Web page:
• Sylvester, AW (2000) Division decisions and the spatial regulation of cytokinesis.  Current Opinions in Plant Biology 3:58-68

  • Sylvester, AW and JO Reynolds (1999) Annual and biennial flowering habit of Kentucky blue grass tillers. Crop Science 39:500-508

  • Herbert, SK, AW Sylvester and CF Weil (1999) Plant Biology in the Laboratory. Bellweather Cross Publishing. 187 pages

  • Reynolds, JO, Eisses JF and AW Sylvester (1998) Balancing division and expansion during maize leaf morphogenesis: Analysis of the mutant, warty-1. Development 125:259-268

  • Sylvester, AW (1998) Tiller class distribution in Kentucky bluegrass. GSCSSA Report 98:48-52

  • Sylvester, AW (1997) Optimizing tiller class distribution in greenhouse-grown plants and non-burned fields of Kentucky bluegrass. GSCSSA Report 97:53-56

  • Smith, L, Hake, S and AW Sylvester (1996) The tangled -1 mutation alters cell division orientation throughout leaf development without altering leaf shape. Development 122:481-489

  • Sylvester, AW, Smith, L and M Freeling (1996) Acquisition of identity in the developing leaf. Ann Rev Cell Develop Biol 12:257-304

  • Sylvester, AW (1996) Identification of morphological markers for the transition to flowering in Kentucky bluegrass as an aid to crop management. GSCSSA Report 96:49-53

  • Sylvester, AW and S Ruzin (1994) Light Microscopy I: Dissection and Microtechnique. and II. Image analysis. In The Maize Handbook Walbot. V. E. and Freeling, M. (eds). Springer-Verlag, NY. pp. 83-107

  • Ruzin, S and AW Sylvester (1994) Light Microscopy II: Image analysis. In The Maize Handbook. Walbot, V. E. and Freeling , M. (eds). Springer-Verlag, NY. pp. 95 – 107

  • Williams, MH and AW Sylvester (1994) Scanning Electron Microscopy. In The Maize Handbook. Walbot, V. E. and Freeling, M. (eds). Springer-Verlag, NY. pp. 108-117

  • Sylvester, AW and JR Waaland (1992) Cytoplasmic reorganization accompanies the deposition of a bipolar cell wall in Anotrichium tenue. Planta 186:273-281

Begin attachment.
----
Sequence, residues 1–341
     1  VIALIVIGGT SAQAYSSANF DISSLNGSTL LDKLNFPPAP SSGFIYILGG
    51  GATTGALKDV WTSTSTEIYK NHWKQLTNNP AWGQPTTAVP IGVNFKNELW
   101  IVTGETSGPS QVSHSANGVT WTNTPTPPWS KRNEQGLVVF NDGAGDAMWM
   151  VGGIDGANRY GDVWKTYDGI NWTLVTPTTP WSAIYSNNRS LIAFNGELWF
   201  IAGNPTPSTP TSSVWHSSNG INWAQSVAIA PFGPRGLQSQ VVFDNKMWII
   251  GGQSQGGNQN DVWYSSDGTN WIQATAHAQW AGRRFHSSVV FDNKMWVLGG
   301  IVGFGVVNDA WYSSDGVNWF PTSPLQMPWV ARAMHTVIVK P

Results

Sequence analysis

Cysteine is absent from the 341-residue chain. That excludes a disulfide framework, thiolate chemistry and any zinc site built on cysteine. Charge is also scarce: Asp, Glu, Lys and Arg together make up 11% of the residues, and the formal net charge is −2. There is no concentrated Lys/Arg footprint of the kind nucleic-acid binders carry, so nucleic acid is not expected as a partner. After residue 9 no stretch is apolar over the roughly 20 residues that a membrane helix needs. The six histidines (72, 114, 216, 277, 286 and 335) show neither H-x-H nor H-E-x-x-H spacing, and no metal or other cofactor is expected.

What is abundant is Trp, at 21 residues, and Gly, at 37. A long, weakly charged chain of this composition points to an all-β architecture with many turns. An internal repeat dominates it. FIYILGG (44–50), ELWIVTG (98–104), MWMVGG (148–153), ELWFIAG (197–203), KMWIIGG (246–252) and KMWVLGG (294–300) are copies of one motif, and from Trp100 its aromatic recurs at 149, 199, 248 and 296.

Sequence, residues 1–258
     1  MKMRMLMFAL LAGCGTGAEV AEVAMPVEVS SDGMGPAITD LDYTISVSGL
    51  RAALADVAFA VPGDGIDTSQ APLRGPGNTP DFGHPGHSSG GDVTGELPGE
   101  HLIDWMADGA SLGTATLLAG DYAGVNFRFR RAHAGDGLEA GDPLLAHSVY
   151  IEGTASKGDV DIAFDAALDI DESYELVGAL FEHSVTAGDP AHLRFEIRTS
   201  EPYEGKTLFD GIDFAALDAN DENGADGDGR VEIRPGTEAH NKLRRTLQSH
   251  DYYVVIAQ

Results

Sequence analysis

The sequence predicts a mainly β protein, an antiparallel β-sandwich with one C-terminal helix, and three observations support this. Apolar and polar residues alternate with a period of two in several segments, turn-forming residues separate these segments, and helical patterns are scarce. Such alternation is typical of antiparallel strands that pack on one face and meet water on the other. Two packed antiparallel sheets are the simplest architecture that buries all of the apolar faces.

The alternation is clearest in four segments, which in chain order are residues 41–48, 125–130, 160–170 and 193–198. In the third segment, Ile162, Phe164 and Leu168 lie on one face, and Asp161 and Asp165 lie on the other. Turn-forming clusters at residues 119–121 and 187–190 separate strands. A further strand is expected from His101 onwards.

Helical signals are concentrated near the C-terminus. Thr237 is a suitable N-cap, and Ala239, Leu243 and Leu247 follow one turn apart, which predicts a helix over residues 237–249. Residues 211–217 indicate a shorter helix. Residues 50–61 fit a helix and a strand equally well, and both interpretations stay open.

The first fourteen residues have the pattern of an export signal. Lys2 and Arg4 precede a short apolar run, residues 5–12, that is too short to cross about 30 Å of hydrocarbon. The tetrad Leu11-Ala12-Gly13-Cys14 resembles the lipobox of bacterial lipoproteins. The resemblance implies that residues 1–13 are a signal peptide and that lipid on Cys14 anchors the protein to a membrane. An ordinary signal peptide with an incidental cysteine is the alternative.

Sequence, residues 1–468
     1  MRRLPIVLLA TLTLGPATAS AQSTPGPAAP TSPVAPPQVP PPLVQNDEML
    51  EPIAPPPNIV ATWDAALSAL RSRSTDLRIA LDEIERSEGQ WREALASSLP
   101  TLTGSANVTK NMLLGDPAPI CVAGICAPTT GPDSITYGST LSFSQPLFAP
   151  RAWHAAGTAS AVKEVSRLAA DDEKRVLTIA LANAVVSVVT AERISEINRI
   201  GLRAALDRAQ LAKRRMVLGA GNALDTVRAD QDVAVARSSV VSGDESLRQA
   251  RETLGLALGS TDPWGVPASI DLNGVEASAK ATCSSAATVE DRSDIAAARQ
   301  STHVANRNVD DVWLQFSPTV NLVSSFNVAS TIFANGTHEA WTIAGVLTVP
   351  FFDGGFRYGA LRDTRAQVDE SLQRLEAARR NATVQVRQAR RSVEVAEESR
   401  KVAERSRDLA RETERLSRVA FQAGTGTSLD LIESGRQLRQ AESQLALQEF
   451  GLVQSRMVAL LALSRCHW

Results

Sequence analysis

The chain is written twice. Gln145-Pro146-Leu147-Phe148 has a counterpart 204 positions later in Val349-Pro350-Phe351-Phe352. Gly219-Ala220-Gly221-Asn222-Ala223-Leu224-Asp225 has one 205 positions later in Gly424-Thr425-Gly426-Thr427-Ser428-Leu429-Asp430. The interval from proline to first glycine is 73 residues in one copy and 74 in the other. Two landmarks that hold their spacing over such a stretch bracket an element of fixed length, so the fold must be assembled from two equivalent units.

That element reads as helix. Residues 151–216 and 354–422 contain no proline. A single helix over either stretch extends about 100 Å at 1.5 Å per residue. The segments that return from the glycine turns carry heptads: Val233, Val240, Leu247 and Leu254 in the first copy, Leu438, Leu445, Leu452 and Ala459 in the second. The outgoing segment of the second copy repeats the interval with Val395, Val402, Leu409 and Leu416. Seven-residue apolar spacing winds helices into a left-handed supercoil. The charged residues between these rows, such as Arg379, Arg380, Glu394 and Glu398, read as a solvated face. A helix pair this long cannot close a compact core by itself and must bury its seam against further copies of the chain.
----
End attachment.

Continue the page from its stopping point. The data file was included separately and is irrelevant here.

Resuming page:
• Sylvester, AW (1992) A review of The Cytoskeletal Basis of Plant Growth and Form.  C. Lloyd (ed) Plant Sci. Bull. 38: 32-33

  • Sylvester, AW, Cande WZ and M. Freeling (1991) Developmental morphology of maize leaves using UV light-induced autofluorescence of cell wall compounds. Maize Genetics Cooperative Newsletter 65:34-35

  • Sylvester, AW, Cande, WZ and M Freeling (1990) Division and differentiation during normal and liguleless-1 maize leaf development. Development 110:985-1000

  • Becraft, PB, Bongard-Pierce, D, Sylvester, AW, Poethig, S and M Freeling (1990) The liguleless-1 gene acts tissue specifically in maize leaf development.  Developmental Biology 141:220-232

  • Sylvester, AW, Williams, MH and PB Green (1989) Orientation of cortical microtubules correlates with cell shape and division direction. Immunofluorescence of intact epidermis during development of Graptopetalum paraguayensis. Protoplasma 153:91-103

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Department of Molecular Biology

University of Wyoming

Department #3944

1000 E. University Ave.

Laramie, WY 82071

Phone: (307) 766-3300

Fax: (307) 766-5098